• Hepatitis B or C virus
  • Diabetes
  • Obesity
  • Genetic factors

Liver Flukes and Bile Duct Cancer

There are various ways liver fluke infection can escalate to bile duct cancer. One is through mechanical injury from the feeding and migration of the flukes combined with the excrement. The tissue damage and scarring caused by the suckers of the fluke hook and its other activities can lead to bile duct cancer. Secondly, persistent inflammation and prolonged infection with liver fluke may contribute to the development of cholangiocarcinoma. The liver flukes can also induce biliary cell damage through the actions of oxygen radicals causing oxidative DNA damage to the biliary system.

 

Liver Fluke Prevention

Liver flukes are not prevalent in developed countries, but it is still better to be safe than sorry. Prevention is critical, especially while traveling or consuming unfamiliar food.

Since C. sinensis and O. viverrini are acquired through ingestion, ensure that your drinking water is treated or boiled, especially when traveling in the countryside. If uncertain, it is better to purchase sealed distilled water bottles that guarantee your safety. Aside from being wary of the liquids you intake, it is important to be cautious about the food you eat. Even vegetables grown and drawn near infested areas can be carriers.

It is always best if you cook your food at home. But at times when you can’t, avoid consuming raw food, especially animal liver and fish. Also, choose reputable eating places to be confident about their food handling and safety during preparation and serving. And on the topic of cleanliness, washing your hands with soap and clean water always goes a long way.

Liver Flukes Diagnosis and Treatment

So what do you do if you already are infected with liver fluke? Nothing beats regular consultation with a medical practitioner. With that, you can have the peace of mind that your condition is being monitored. The infection is not fatal, but complications arising from it can be. So upon discussion with your doctor, you may be given the following treatment options:

1. Medication – Some pharmaceutical drugs such as triclabendazole, praziquantel and tribendimidine may be prescribed for 2-7 days, depending on the dosage. After the medication, stool examination will be repeated, and patients will be recommended for retreatment if an infection is still present.

2. Alternative treatment – There are a few alternative treatments for those suffering from liver flukes. Examples are colonic irrigation, parasite cleanses, goldenseal, natural liver fluke detox formulas, bowel cleaners such as Premier Cleanse, and bile movers like  Beet Capsules. A word of caution though, it is best to consult your doctor before taking any supplements or doing these treatments to make sure that it does not counteract any medications you are taking or that it will not worsen any other physical condition you may have.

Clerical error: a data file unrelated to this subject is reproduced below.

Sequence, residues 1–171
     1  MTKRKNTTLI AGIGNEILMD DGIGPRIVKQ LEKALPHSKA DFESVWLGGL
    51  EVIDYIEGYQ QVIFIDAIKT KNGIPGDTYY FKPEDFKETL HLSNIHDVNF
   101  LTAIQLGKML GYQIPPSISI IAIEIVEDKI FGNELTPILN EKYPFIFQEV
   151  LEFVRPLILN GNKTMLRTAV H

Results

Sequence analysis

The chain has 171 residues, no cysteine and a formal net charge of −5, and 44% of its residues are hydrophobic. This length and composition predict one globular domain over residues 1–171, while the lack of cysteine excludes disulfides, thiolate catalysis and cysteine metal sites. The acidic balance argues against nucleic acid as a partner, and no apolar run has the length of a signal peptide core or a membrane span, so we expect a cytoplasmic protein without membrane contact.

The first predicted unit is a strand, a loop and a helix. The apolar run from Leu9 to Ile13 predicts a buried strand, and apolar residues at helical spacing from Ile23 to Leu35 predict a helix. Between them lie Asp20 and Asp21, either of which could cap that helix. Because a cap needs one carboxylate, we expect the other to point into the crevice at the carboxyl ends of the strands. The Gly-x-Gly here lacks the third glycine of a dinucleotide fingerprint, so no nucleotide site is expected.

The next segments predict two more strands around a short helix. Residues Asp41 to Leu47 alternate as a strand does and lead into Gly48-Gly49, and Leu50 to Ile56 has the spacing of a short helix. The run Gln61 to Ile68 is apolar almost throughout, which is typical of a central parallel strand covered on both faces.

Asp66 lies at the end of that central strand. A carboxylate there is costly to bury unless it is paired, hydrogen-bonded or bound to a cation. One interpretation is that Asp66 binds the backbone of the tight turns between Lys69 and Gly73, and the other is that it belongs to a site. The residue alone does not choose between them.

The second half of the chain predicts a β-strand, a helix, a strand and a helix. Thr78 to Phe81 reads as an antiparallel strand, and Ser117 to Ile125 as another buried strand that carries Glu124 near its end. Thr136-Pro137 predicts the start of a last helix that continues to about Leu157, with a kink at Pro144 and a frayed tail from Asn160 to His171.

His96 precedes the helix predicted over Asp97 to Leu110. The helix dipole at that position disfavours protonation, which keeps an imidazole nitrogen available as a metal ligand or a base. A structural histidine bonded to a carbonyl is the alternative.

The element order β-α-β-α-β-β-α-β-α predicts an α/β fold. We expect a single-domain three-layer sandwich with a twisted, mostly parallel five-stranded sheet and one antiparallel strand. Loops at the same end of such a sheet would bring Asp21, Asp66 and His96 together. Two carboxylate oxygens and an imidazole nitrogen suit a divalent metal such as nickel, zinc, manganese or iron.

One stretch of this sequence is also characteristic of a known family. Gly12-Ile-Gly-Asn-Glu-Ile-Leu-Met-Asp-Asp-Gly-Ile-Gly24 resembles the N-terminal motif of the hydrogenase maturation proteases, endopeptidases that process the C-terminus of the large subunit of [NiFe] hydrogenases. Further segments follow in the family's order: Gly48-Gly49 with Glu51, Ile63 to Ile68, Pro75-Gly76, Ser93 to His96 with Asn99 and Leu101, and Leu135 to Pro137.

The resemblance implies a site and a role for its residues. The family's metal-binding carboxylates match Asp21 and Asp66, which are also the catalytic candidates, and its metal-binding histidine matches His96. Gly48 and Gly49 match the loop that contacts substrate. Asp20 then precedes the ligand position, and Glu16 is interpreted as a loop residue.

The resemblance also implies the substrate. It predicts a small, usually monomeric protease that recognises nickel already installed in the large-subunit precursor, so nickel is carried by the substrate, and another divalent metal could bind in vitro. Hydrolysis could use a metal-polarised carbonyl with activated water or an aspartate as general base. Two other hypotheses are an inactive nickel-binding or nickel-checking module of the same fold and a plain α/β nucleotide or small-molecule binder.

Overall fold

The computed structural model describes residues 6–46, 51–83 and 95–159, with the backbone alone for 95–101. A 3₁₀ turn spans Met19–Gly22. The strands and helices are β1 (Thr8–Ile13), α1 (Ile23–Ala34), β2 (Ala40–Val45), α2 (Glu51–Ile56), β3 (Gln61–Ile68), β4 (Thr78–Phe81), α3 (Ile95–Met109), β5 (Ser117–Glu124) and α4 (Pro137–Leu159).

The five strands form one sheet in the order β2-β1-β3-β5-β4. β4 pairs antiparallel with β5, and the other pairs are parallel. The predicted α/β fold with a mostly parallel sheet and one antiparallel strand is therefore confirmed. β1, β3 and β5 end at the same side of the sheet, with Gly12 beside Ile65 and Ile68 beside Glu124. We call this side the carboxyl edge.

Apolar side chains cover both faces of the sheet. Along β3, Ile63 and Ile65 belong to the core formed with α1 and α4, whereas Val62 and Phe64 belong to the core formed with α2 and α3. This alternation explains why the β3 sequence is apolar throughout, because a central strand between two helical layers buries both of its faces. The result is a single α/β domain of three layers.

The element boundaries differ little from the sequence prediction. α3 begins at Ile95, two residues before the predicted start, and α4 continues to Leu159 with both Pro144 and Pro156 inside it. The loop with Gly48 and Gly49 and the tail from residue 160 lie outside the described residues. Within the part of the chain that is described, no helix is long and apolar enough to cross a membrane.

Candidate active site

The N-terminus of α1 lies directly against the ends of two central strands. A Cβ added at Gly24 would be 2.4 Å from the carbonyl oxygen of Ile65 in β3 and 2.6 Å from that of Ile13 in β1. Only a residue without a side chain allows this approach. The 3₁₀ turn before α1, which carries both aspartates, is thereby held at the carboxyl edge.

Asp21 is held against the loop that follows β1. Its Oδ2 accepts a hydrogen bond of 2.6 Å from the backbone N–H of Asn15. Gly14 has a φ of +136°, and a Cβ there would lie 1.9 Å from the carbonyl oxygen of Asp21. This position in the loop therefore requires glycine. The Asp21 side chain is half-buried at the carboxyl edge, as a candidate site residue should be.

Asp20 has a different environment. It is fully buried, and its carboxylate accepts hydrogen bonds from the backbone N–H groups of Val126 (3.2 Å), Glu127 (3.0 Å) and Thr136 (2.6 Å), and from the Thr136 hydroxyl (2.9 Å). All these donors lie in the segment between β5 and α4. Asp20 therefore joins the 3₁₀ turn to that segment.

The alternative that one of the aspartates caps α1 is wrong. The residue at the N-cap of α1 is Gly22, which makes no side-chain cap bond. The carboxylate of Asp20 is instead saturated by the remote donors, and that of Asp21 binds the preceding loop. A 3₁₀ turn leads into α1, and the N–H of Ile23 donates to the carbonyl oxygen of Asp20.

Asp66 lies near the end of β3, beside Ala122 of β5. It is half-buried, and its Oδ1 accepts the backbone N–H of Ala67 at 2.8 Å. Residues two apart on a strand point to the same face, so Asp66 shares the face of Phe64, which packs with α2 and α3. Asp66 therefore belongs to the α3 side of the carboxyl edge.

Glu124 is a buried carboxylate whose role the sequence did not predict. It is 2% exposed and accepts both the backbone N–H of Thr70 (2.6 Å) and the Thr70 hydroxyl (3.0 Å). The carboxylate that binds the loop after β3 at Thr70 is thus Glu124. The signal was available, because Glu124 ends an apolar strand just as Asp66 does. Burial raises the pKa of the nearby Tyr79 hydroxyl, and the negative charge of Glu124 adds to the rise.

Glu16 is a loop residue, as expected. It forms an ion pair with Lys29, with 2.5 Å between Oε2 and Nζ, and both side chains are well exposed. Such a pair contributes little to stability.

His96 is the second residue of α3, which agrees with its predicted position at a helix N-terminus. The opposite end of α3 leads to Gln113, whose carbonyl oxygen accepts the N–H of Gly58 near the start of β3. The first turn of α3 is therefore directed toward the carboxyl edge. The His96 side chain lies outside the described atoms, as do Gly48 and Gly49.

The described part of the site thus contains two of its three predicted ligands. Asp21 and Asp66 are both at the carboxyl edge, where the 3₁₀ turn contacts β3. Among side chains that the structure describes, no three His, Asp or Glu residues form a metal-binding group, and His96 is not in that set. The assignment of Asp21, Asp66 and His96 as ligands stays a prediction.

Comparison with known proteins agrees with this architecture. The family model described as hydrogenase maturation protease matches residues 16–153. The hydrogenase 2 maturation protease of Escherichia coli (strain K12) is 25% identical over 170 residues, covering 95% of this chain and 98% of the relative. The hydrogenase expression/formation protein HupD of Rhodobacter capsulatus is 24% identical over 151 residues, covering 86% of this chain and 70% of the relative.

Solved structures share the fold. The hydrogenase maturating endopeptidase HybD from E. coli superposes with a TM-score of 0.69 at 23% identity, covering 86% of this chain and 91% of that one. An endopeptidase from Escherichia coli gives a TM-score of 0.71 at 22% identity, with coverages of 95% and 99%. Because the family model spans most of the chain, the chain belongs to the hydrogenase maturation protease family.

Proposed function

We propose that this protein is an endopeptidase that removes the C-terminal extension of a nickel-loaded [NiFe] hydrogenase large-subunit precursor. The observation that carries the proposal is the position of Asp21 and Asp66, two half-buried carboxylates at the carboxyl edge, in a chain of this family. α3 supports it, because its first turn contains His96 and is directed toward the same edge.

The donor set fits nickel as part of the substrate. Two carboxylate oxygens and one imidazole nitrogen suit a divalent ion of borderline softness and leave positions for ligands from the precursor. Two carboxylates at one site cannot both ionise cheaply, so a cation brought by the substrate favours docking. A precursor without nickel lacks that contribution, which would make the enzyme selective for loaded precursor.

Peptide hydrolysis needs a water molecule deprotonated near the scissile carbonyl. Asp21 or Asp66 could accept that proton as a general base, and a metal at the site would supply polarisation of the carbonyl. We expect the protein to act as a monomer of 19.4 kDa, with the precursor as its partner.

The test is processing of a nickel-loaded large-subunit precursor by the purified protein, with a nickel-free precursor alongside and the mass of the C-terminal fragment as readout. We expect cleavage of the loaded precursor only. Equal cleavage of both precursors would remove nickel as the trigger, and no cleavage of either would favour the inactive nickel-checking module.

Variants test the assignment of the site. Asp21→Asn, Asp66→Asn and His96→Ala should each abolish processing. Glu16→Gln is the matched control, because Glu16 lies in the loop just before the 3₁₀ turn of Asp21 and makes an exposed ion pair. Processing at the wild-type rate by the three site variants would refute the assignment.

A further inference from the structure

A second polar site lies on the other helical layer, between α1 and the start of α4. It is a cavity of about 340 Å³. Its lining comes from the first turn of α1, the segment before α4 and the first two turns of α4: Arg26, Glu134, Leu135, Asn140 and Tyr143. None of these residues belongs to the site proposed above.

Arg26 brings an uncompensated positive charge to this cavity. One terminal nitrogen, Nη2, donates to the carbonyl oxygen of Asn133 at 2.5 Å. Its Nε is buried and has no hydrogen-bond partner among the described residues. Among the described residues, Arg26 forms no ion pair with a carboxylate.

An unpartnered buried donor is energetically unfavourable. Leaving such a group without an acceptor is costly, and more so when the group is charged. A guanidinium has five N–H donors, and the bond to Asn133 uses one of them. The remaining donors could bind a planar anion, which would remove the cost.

3. Paratosin  – This botanical blend provides gastrointestinal and immune support for patients with liver fluke and other related parasitic infections.

4.BiliVen  – BiliVen is purported to expand the bile ducts to allow for the easier exit of the flukes and offer general gallbladder and bile support.

 

References: 

American Cancer Society (2016) What Are the Risk Factors for Bile Duct Cancer?

Chan, C. W., & Lam, S. K. (1987). 5 Diseases caused by liver flukes and cholangiocarcinoma. Bailliere’s clinical gastroenterology1(2), 297-318.

Fox News (2017) VA study shows parasite from Vietnam may be killing vets.

Khan, S. A., Thomas, H. C., Davidson, B. R., & Taylor-Robinson, S. D. (2005). Cholangiocarcinoma. The Lancet, 366(9493), 1303-1314.

Kim, T. S., Pak, J. H., Kim, J. B., & Bahk, Y. Y. (2016). Clonorchis sinensis, an oriental liver fluke, as a human biological agent of cholangiocarcinoma: a brief review. BMB reports49(11), 590.

Lim, J. H. (2011). Liver flukes: the malady neglected. Korean journal of radiology12(3), 269-279.

Sithithaworn, P., Haswell-Elkins, M. R., Mairiang, P., Satarug, S., Mairiang, E., Vatanasapt, V., & Elkins, D. B. (1994). Parasite-associated morbidity: liver fluke infection and bile duct cancer in northeast Thailand. International journal for parasitology24(6), 833-843.

Sripa, B., & Pairojkul, C. (2008). Cholangiocarcinoma: lessons from Thailand. Current opinion in gastroenterology, 24(3), 349.

Sripa, B., Brindley, P. J., Mulvenna, J., Laha, T., Smout, M. J., Mairiang, E., … & Loukas, A. (2012). The tumorigenic liver fluke Opisthorchis viverrini–multiple pathways to cancer. Trends in parasitology28(10), 395-407.

Sripa, B., Kaewkes, S., Sithithaworn, P., Mairiang, E., Laha, T., Smout, M., … & Bethony, J. M. (2007). Liver fluke induces cholangiocarcinoma. PLoS medicine, 4(7), e201.

US Department of Veterans Affairs (2017) Bile Duct Cancer (Cholangiocarcinoma) and Liver Fluke Infection.

Watanapa, P. (2002) Liver fluke-associated cholangiocarcinoma. British Journal of Surgery. Volume 89, Issue 8. Pages 962–970.